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Any of about 180 species (family Picidae) of mostly nonmigratory, solitary birds found nearly worldwide. Woodpeckers spiral up tree trunks, probing for insects, and chisel nest holes in dead wood by means of rapidly repeating blows of the beak. Though they spend their entire life in trees, only the few ground-feeding species can perch. Some species eat fruits and berries or tree sap. Woodpeckers are usually silent, except in spring, when males call loudly and drum on hollow wood. Species range from 6 to 18 in. (15 to 46 cm) long. All have a straight, chisel-like bill, and most are patterned in black, white, or yellow and bright colours. See alsoflicker; ivory-billed woodpecker; sapsucker.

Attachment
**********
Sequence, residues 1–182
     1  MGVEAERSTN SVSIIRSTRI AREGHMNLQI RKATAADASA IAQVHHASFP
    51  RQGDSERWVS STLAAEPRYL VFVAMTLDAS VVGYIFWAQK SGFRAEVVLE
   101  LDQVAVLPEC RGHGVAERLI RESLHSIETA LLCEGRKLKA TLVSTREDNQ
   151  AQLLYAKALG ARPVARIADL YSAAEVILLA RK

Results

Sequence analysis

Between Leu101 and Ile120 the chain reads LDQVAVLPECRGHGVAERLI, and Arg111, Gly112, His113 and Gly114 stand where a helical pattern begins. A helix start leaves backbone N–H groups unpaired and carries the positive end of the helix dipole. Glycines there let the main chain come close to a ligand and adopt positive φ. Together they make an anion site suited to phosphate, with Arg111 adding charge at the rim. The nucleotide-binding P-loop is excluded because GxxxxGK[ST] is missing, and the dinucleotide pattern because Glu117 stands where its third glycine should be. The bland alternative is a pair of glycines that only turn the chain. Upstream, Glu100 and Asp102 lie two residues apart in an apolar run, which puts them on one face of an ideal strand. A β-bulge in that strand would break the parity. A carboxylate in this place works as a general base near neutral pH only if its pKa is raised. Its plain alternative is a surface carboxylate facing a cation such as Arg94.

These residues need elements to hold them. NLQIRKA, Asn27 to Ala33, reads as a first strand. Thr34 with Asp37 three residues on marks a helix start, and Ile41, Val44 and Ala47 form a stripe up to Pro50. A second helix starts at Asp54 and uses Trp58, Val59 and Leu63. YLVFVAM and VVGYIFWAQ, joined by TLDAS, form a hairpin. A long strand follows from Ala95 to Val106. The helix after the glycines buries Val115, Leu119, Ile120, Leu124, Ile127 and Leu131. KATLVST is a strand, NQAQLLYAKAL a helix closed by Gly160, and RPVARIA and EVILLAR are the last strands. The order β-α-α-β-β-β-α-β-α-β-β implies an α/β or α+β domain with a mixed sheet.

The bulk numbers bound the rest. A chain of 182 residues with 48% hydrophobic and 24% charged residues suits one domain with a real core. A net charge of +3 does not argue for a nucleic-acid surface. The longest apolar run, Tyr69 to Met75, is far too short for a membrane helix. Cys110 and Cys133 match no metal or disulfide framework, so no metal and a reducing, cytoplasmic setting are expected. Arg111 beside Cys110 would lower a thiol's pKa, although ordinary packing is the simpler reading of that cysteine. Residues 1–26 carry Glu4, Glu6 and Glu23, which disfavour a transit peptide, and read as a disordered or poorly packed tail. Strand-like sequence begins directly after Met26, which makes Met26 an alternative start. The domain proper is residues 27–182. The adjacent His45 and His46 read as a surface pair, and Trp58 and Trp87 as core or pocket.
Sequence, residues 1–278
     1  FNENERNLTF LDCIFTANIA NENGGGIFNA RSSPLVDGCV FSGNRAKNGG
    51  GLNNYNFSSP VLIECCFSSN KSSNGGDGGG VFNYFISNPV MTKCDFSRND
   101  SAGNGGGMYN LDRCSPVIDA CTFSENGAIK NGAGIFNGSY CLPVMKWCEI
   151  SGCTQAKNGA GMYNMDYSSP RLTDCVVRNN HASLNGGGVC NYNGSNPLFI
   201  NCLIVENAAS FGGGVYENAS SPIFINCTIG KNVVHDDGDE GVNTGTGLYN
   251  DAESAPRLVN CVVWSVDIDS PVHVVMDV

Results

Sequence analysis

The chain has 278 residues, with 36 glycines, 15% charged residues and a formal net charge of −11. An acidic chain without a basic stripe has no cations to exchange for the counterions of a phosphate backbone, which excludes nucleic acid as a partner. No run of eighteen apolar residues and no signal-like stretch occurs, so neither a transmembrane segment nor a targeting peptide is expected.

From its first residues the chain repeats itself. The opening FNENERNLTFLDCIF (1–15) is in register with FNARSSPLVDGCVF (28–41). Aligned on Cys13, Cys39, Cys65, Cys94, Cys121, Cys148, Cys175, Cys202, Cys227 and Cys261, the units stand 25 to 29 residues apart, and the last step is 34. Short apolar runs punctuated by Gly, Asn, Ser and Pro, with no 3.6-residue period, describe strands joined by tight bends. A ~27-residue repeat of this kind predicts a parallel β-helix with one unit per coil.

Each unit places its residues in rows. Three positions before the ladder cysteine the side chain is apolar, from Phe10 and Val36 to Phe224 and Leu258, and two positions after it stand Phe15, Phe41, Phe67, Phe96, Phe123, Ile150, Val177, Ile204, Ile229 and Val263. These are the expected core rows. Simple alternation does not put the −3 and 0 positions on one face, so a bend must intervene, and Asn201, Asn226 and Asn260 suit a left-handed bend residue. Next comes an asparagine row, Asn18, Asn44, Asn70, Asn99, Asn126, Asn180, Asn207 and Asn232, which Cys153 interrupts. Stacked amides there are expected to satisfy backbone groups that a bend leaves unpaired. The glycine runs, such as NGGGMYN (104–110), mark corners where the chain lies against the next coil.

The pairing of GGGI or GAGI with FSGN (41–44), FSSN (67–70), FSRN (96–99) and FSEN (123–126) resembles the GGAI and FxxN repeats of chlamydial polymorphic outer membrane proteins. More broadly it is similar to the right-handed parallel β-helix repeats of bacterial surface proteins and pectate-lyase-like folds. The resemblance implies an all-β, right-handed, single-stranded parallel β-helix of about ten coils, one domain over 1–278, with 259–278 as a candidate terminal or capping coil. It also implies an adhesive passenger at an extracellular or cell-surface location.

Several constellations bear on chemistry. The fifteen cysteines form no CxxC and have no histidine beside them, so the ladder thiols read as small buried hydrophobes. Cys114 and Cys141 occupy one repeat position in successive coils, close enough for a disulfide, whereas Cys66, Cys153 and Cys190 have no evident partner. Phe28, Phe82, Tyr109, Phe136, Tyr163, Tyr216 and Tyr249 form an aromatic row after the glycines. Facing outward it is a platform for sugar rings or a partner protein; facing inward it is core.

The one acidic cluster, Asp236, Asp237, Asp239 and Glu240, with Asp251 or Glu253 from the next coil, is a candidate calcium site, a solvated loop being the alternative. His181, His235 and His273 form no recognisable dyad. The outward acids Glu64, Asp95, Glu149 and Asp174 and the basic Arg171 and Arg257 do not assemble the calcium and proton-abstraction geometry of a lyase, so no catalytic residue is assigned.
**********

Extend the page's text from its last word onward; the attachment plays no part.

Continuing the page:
This entry comes from Encyclopædia Britannica Concise. For the full entry on woodpecker, visit Britannica.com.